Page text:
French Rugby
Lievremont's Heineken Cup blues
Ian Moriarty
January 20, 2009
France head coach Marc Lievremont arrives for a press conference in Marcoussis, France on November 20, 2008,
France coach Marc Lievremont is struggling for options at fly-half and up-front © Getty Images

The prospect of this year's Heineken Cup quarter-finals devoid of any French sides is a blow to Marc Lièvremont's Six Nations ambitions and a damning indictment of the huge problems that he faces from within French rugby.

It can't have been an ideal way to spend the weekend before deciding on your Six Nations selection. And when Marc Lievrèmont sits down to ruminate for the last time over his squad on Tuesday evening, his critical eye will continue to be cast over what has probably been the worst weekend for French clubs since the inception of the European Cup in 1995.

Undoubtedly by then, he'll have watched on DVD the humiliation of Toulouse, the side that has in recent years provided the spine of the French side. He will have watched Stade Francais' stuttering defeat away to the Scarlets . And he was there at Stade Aime Giral to witness at first hand the Ospreys giving Perpignan a fright.

So when the French coach insisted on Sunday that he would not take too much from the weekend, most people could understand where he was coming from.

Indeed, it's highly likely that this weekend's results will have relieved some of the pressure on Lièvremont. In some respects, this year's Six Nations was always going to be a watershed for his fledgling international career but many will now question whether France does have the players of the necessary ability to win Grand Slams.

From the beginning of his tenure as coach, Lièvremont has been highly critical of the Top 14, believing that the number of games and the amount of overseas players plying their trade in the top two divisions was damaging professional rugby in France. After the weekend's results in the Heineken Cup, there will be plenty who would agree with him.

Lièvremont and his forwards coach Didier Retière will have noticed how easily Toulouse were blown away at the breakdown against Glasgow and in the face of this, the coaching team will be praying for the imminent return of the highly influential Thierry Dusautoir.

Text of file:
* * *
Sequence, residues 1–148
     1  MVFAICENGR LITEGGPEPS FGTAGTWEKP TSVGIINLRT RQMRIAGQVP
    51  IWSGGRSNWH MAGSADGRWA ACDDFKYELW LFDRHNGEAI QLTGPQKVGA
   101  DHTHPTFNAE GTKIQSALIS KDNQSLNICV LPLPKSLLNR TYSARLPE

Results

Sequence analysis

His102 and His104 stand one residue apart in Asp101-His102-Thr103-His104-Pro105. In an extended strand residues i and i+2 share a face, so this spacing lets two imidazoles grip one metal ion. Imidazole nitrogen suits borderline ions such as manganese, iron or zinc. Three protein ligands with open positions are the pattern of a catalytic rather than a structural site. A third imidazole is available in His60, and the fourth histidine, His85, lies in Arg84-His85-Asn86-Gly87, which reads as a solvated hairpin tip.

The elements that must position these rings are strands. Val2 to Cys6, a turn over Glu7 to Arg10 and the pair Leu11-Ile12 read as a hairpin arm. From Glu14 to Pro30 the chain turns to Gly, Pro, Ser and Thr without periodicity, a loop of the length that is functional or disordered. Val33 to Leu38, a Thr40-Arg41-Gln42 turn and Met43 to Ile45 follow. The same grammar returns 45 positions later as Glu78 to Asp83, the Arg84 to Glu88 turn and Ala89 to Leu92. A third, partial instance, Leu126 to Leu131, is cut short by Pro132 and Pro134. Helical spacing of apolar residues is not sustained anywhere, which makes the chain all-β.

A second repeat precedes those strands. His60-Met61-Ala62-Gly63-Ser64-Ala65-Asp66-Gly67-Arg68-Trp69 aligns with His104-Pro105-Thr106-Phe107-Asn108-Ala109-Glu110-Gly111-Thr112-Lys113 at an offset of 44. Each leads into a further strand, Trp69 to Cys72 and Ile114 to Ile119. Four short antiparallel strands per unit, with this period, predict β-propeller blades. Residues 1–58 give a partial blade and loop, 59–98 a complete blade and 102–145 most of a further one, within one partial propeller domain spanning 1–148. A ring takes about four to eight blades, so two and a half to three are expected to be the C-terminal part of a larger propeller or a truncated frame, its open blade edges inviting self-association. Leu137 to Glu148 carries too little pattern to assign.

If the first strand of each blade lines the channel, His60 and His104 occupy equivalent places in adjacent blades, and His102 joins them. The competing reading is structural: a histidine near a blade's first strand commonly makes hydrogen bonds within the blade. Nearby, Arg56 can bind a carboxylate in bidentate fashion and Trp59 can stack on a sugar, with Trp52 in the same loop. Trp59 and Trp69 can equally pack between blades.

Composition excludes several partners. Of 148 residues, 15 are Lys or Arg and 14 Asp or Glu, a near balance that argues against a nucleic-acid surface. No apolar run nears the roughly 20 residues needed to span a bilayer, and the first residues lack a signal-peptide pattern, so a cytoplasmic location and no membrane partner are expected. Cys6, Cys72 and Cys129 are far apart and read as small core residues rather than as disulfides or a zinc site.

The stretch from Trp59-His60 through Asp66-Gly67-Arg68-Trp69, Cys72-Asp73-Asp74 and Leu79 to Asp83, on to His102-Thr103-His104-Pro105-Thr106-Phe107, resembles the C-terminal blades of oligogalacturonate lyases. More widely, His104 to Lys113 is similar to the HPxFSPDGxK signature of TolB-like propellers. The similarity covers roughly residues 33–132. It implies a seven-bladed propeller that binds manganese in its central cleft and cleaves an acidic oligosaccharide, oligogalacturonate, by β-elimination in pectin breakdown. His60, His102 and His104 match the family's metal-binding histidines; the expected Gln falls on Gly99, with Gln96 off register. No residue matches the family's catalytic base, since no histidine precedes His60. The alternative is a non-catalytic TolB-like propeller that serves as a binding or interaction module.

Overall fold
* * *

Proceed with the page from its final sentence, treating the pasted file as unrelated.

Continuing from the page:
The 27-year-old has blossomed into a world-class flanker since he came of age in the last Rugby World Cup. Dusautoir could well be joined by Clermont's Julien Bonnaire and Montpellier's Louis Picamoles in what would be a dynamic looking backrow.

But it's not just extra dynamism that Lièvremont has to find. It's been a few years since we last saw a grizzled young French forward in the shape of an Ibanez or a Pelous coming through and it's something that the French coach is acutely aware of.

French packs used to scare the life out of many a visiting side but that grunt just isn't there to the same extent anymore. Lièvremont will hope that the young Toulon lock Yoann Maestri could become the next big thing but it remains to be seen if the former will take a gamble with the latter for this Six Nations.

"Beauxis has long been seen by many observers as the heir-apparent for France's problem position of outside-half"

The French coach is also expected to welcome Lionel Beauxis back into the squad after missing the autumn internationals through injury. Beauxis has long been seen by many observers as the heir-apparent for France's problem position of outside-half. But in his ten starts for Stade Francais this season, he's only started three times in the No.10 shirt, the last of which was at the beginning of October.

With David Skrela out injured until midway through the Six Nations, the position is an area of real concern for Lièvremont who must decide whether or not to play the out of sorts François Trinh-Duc, Jean-Baptiste Elissalde or Beauxis in the pivotal role. If he does play Elissalde at No.10, he could well go for his team mate Frederick Michalak alongside him. The two players lined out in inverse for Toulouse last weekend but Lièvremont sees Michalak as a scrum-half and could well select him despite his patchy form since his return from South Africa.

An area where the French boss will be less worried about is the back five. Both Aurelien Rougerie and Julien Malzieu will be expected to start ahead of the Toulouse wingers Vincent Clerc and Cedric Heymans.

But the rest could be a Toulousain triangle with Maxime Medard at fullback joining the centre partnership of Yannick Jauzion and the in-form Florian Fritz. Fritz was one of the few players to finish the Glasgow game with any credit and could get the nod ahead of Clermont utilty back Benoit Baby or Damien Traille.

France's first game is in Croke Park against Ireland on February 7. Ireland coach Declan Kidney will know that the visitors tend to be slow starters and will undoubtedly seek to capitalise. For Lièvremont, he must quickly settle on his best side and hope that he can catch the Irish off guard.

A win in Dublin would be a huge boost in confidence and with the following two games in the Stade de France against Scotland and Wales it's not inconceivable that France could meet England on the March 15 with three wins in the bag and on a Grand Slam roll. Not inconceivable yet not very likely either.


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